First-rate sushi at the dizzying heights of metropolitan glamour
There’s nothing to alarm a sushi novice at Yamazato, but plenty to appreciate if you know something about the craft. This Michelin Plate winner is part of the glamorous The Okura Prestige and the hotel’s trio of Japanese dining options: Yamazato offering a sushi counter with elevated views of the city; while a teppanyaki station and elegant dining room can be found tucked away, towards the back of the 24th floor.
I’m offered a 6pm or 8pm reservation, deciding on 8pm, but am then told that only 6pm is available. So, at 6pm and seated at the counter, I scan two Omakase Sushi menus—B3,000 and B4,000—both consisting of seven courses with the pricier coming with added sashimi and sushi morsels.They have also recently launched a special Saturday menu, offering the omakase experience, plus free-flow soft drinks and alcohol, for B4,500.
Thankfully, there’s no trundling conveyor and deliveries from Tsukiji Market three times a week is proof that they’re not scrimping on quality. Presented on the counter, you can examine the specimens up close: a row of plumped-up, fatty fishes wrapped in clingfilm, waiting to be cut into slivers, then popped into my mouth.
The first two courses arrive from the kitchen, which is disappointing given my front row counter seat. An underwhelming starter of octopus, oyster and eringi mushrooms is followed by a colourful and elaborately presented salmon sashimi salad on ice. Starters differs from day-to-day, depending on the availability of ingredients, so perhaps you’ll have better luck than me?
The food up to this point is agreeable but I can’t help but notice a distinct lack of atmosphere. Our chef—Thai, not Japanese—is not charismatic enough to lift the evening; dicing, slicing and offering morsels of fish with a somewhat sombre temper. I know Japanese craftsmanship and the laws of swanky sushi is followed with silent dedication and an almost scholarly diligence, but I need some va-va-voom at dinner. I am the only guest at the counter and the ambience is flat.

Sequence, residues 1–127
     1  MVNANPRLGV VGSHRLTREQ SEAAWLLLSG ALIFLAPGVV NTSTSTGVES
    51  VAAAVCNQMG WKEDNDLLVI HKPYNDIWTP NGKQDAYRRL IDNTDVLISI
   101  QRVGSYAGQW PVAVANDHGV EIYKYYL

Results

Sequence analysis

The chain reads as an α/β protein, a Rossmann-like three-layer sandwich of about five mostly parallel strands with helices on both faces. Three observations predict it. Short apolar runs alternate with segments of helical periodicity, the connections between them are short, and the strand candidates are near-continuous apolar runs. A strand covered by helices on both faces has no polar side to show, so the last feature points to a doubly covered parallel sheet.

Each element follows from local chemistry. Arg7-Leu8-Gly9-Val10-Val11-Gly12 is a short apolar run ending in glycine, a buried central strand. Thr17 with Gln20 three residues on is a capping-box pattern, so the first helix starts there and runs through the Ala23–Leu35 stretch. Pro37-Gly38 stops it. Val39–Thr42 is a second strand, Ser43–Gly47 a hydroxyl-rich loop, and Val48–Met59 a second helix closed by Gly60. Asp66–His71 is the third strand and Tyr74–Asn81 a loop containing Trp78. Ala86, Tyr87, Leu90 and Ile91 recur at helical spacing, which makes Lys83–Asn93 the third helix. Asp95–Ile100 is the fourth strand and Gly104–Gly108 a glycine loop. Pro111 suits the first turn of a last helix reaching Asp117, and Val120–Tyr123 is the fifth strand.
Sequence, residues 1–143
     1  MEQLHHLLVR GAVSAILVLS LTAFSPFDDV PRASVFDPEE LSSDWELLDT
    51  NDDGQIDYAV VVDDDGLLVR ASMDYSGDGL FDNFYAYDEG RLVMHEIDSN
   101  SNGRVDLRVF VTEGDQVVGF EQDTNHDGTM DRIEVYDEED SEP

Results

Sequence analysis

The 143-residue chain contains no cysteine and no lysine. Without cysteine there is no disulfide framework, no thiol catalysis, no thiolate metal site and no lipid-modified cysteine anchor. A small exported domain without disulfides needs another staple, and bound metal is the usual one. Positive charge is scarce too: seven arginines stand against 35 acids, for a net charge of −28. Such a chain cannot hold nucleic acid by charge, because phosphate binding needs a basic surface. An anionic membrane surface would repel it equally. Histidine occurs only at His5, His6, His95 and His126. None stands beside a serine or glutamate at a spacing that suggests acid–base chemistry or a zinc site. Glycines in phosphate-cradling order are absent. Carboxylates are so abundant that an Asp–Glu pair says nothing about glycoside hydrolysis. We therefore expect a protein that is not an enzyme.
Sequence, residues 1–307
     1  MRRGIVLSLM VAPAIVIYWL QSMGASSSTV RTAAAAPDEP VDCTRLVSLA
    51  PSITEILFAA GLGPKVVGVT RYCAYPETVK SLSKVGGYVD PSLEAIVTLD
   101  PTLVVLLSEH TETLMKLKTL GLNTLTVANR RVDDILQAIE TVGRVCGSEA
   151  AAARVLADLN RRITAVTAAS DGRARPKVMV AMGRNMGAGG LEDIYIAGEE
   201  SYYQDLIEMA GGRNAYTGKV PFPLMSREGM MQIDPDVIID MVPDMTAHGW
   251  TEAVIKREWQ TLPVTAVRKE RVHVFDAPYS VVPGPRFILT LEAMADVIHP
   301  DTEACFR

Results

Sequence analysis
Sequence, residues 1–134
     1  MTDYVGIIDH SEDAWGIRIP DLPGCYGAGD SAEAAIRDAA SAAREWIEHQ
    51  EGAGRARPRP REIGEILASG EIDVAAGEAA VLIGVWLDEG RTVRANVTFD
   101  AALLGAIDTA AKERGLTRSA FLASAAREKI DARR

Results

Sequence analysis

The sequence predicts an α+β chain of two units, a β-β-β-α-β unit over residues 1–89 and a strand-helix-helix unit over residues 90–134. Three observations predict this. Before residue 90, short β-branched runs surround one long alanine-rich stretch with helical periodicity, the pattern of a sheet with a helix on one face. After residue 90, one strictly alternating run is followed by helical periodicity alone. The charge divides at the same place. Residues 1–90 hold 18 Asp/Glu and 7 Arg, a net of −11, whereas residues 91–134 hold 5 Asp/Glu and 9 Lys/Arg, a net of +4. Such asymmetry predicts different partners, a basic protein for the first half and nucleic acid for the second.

Thankfully, sushi fills the void and there’s grilled Kanpachi (amberjack) marinated in Saikyo miso from Kyoto which ups the stakes and kicks my palate into gear. Then, tuna belly that’s stout and sweet, and ohhhh I want more of it; and tuna sushi brushed with yuzo to add a piquant sweetness that cuts through the fishy fat. Then, two silken shrimps like obese baby prawns, are soft and sufficient so that you don’t even have to bite down on them, you just place them in your mouth and they wash away like gourmet marshmallows.
And more follows, as I wash everything down with mugs of hot green tea. There’s fat slivers of seared eel with a dot of gel—a sharp blend of yuzo and Japanese pepper—followed by pink, plump salmon strips streaked with almost visible omega-3 fatty acids, on the pillowy opulence of shari rice. Both are pretty much flawless.
I add small dabs of freshly grated wasabi to dark and moody soy, and dip each tidbit of sushi before consuming. The quality and freshness is evident with each delicious mouthful. This really is spectacular stuff.
By David J. Constable
The Okura Prestige Bangkok, 57 Wireless Rd.
Open: Dinner, 6pm and 8pm seatings
Tel: 02 687 9000